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Prologue fpoken by Mr. Garrick at the Reprefenta-
tion of Comus, for the Benefit of Mrs.
Vanity of human Wishes; the Tenth Satire of
WILL BE PUBLISHED VERY SPEEDILY.
SMALL TRACTS and FUGITIVE PIECES.
Written for the INTRODUCTION to the HARLEIAN MISCELLANY.
HOUGH the Scheme of the following Mifcellany is fo obvious, that the Title alone is fufficient to explain it; and though several Collections have been formerly attempted upon Plans, as to the Method, very little, but, as to the Capacity and Execution, very different from ours; we, being poffeffed of the greatest Variety for such a Work, hope for a more general Reception than those confined Schemes had the Fortune to meet with; and, therefore, think it not wholly unneceffary to explain our Intentions, to display the Treafure of Materials out of which this Mifcellany is to be compiled, and to exhibit a general Idea of the Pieces which we intend to infert in it.
There is, perhaps, no Nation in which it is fo neceffary, as in our own, to affemble, from time VOL. II. B
to time, the fmall Tracts and fugitive Pieces, which are occafionally published: For, befides the general Subjects of Enquiry, which are cultivated by us, in common with every other learned Nation, our Conftitution in Church and State naturally gives Birth to a Multitude of Performances, which would either not have been written, or could not have been made publick in any other Place.
The Form of our Government, which gives every Man, that has Leifure, or Curiofity, or Vanity, the Right of enquiring into the Propriety of publick Meafures, and, by Confequence, obliges thofe who are intrufted with the Administration of national Affairs, to give an Account of their Conduct to almost every Man who demands it, may be reafonably imagined to have occafioned innumerable Pamphlets, which would never have appeared under arbitrary Governments, where every Man lulls himfelf in Indolence under Calamities, of which he cannot promote the Redrefs, or thinks it prudent to conceal the Uneafinefs, of which he cannot complain without Danger.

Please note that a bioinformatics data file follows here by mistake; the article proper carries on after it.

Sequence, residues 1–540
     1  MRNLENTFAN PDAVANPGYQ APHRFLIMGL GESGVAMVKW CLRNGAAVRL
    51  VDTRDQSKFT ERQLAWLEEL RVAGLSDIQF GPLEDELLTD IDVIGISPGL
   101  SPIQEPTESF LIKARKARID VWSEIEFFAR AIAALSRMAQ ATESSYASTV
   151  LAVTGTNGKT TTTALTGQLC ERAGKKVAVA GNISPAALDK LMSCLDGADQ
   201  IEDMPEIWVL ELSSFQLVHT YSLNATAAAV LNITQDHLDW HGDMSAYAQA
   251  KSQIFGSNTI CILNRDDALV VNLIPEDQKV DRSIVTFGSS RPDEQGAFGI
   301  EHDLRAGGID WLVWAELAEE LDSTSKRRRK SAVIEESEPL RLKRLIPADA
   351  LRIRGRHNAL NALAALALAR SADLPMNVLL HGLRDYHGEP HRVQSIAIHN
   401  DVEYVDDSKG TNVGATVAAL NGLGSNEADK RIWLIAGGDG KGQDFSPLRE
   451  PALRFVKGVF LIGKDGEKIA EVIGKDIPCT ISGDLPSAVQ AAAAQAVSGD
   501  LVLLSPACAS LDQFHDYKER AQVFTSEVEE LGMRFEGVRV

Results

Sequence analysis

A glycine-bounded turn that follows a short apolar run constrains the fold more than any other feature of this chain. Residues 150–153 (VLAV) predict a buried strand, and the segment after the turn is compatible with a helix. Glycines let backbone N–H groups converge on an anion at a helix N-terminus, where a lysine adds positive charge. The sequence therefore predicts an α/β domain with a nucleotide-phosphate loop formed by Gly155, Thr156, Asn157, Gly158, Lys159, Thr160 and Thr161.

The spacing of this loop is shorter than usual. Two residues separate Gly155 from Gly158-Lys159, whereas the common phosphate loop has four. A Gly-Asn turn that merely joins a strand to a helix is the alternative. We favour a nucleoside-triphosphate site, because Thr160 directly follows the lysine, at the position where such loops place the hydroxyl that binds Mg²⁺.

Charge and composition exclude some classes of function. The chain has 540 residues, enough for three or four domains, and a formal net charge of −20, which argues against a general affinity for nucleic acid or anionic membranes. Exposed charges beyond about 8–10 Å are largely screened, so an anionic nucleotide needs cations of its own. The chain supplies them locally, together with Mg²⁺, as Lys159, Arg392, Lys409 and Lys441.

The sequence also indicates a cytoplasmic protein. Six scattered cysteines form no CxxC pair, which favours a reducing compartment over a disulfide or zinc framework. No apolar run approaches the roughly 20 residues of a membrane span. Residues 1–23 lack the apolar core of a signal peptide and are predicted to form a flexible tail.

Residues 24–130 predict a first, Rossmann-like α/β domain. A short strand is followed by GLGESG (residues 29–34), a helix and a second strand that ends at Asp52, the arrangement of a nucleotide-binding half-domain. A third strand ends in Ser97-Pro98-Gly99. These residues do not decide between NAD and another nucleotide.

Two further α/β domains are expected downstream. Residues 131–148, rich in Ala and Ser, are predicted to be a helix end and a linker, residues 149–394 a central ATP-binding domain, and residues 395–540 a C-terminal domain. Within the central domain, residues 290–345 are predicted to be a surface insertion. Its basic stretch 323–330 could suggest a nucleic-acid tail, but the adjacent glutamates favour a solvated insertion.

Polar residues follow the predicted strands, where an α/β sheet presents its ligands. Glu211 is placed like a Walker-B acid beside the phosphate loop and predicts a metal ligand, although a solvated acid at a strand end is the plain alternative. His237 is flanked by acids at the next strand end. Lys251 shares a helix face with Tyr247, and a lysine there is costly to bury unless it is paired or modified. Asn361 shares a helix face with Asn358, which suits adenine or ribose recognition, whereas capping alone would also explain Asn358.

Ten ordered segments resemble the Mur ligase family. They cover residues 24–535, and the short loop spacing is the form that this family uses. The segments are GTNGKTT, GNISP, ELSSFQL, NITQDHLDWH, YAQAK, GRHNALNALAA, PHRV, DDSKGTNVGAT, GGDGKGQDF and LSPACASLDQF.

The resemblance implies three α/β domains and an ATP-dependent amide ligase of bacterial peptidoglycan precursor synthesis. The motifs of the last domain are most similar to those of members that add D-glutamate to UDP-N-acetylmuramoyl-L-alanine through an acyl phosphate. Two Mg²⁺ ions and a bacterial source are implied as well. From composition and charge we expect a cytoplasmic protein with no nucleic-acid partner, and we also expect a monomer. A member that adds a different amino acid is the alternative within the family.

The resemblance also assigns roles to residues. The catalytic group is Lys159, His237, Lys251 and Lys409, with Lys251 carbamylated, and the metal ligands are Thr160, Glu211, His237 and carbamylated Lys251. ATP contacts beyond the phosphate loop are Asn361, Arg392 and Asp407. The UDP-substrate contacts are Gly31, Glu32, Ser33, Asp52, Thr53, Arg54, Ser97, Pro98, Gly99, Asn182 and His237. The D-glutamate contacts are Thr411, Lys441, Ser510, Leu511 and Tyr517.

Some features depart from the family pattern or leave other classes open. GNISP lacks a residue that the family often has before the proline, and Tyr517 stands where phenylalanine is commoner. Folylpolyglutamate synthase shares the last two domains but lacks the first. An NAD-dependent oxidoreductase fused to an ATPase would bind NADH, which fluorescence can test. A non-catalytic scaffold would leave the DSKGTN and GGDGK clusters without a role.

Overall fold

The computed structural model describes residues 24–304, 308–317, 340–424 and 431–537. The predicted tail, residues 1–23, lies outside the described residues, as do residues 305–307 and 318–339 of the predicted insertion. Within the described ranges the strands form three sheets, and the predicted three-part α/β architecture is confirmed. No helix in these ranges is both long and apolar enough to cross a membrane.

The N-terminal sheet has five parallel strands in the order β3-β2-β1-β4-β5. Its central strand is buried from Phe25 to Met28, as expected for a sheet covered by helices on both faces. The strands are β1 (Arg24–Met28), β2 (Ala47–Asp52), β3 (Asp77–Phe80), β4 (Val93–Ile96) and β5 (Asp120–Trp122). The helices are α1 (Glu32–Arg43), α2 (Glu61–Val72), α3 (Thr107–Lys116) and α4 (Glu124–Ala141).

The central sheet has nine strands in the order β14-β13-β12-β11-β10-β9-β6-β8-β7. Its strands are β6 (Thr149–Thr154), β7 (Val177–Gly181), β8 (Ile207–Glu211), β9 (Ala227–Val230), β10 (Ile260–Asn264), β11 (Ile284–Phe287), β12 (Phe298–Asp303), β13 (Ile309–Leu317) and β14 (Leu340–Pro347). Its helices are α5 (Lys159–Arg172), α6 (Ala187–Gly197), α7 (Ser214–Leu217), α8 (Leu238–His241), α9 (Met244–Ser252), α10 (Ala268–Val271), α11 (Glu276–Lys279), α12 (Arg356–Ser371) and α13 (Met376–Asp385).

The Multiplicity of religious Sects tolerated among us, of which every one has found Opponents and Vindicators, is another Source of unexhauftible Publication, almoft peculiar to ourselves; for Controverfies cannot be long continued, nor frequently revived, where an Inquifitor has a Right to fhut up the Difputants in Dungeons; or where Silence can be imposed on either Party, by the Refusal of a Licenfe.
Not that it should be inferred from hence, that political or religious Controverfies are the only Products of the Liberty of the British Prefs; the Mind once let loose to Enquiry, and suffered to operate without Reftraint, neceffarily deviates into peculiar Opinions, and wanders in new Tracks, where the is indeed fometimes loft in a Labyrinth, from which
though she cannot return, and scarce knows how to proceed; yet, fometimes, makes useful Difcoveries, or finds out nearer Paths to Knowledge.